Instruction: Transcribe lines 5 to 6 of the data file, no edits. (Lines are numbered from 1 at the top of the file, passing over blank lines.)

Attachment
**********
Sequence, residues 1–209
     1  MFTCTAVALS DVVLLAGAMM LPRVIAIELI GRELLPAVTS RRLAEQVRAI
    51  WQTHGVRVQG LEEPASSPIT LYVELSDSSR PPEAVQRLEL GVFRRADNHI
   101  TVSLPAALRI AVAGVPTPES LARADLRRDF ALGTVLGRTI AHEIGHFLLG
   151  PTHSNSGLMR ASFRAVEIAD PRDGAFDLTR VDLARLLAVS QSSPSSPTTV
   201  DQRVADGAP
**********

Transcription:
   151  PTHSNSGLMR ASFRAVEIAD PRDGAFDLTR VDLARLLAVS QSSPSSPTTV
   201  DQRVADGAP